Hamlet by William Shakespeare is a play that was wrote in the 1600’s. The play starts off with the death of Hamlet’s father, King Hamlet, and the mystery of how he died. Hamlet feels that he should avenge his father, but never acts on the way he feels. He continues this habit in his relationships causing them to be full of mistrust and in the end, betrayal. This play contains many themes that teach a big lesson that individuals can apply to their lives today. I recommend this book to anybody that wants a murder mystery with multiple plots twists.
When You Reach Me is one of my favorite books of all time. It is such a compelling mystery from the perspective of a sixth-grader who is wise for her age. Miranda contemplates theories of time travel and the effect of the past on the future in a light-hearted manner that makes this story impossible to put down. I love every character and reading their dialogue always gets me to think about the importance of kindness and our relationships as humans during such a short time on Earth. If you love a philosophical mystery or are just looking to get out of a reading slump, give this book a try!
I wavered between a 4 and 5 star review here, but my reviews are based on storytelling ability, not necessarily how little I enjoyed hearing about the details of Auschwitz. This author did a fantastic job of telling the stories of nearly 1,000 women while letting some of their personal accounts lead the pace and tone. Though the characters were hard to keep track of at some points, there was constant clarification of individuals to develop empathy for the girls in the Holocaust. There was also some groundbreaking information on the sexist disparities between records of the female experience in Auschwitz- as soon as you think life couldn't have been worse for these prisoners, it is revealed that women were treated the absolute worst. Definitely worth the read if you can stomach the tragedy.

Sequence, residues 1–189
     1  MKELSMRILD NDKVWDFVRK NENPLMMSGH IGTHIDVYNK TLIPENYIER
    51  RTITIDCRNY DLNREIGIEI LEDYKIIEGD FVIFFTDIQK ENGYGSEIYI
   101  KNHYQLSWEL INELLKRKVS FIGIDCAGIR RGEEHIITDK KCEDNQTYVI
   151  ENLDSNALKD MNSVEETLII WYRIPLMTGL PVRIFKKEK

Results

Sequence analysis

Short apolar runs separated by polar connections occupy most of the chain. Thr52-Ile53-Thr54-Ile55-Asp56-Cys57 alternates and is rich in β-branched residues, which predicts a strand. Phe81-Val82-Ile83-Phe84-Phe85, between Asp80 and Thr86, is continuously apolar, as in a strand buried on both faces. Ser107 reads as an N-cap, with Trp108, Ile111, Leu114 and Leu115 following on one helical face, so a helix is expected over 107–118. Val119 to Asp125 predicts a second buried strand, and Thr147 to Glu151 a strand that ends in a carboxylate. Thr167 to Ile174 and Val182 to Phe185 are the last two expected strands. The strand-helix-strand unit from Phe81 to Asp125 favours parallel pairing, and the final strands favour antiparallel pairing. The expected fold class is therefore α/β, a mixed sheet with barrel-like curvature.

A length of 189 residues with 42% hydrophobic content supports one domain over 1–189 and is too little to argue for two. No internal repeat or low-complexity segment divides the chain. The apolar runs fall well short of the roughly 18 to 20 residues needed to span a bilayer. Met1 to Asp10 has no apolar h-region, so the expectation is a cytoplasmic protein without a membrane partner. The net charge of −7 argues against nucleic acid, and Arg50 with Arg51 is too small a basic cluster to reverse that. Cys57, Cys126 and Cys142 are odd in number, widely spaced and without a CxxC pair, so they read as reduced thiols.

As an avid Stephanie Perkins reader, this book is not her best work but still worth your time to read. There was ample suspense as Makani Young navigated the unfolding of an active serial killer's crimes in a small town, with a fast pace to not bore readers. Similar to thrillers like One of Us is Lying, I was constantly changing my mind as to who the killer could be. Do we pay attention to Ollie, the typical loner, or even one of Makani's own friends? Unfortunately, the movie adaptation did not do this story justice. Do not waver from trying it out if you stumbled across the movie first! It's not the darkest thriller I've read, but still disturbing enough to introduce a passion for the genre and keep you up at night.
This is a delightful book with great diversity and a unique topic of life on the radio. I loved how Shay and Dominic's personalities complimented each other throughout the story, especially as Shay experienced misogyny and the two worked to combat it. The romance was light-hearted and side conflicts like grief were refreshing to hear about. One thing I disliked, though, was Shay's reaction to an age gap of five years between her and Dominic. She constantly threw in "old jokes" and generational-gap comments despite them both pretty much being millennials. It made the age gap more of an issue than it would have been without such dialogue and even contradicted the author's message against unfair gender norms. Would an age gap like this have been discussed if Dominic was the older one? Other than that, this book got me back into NPR and podcasts so I recommend this any day!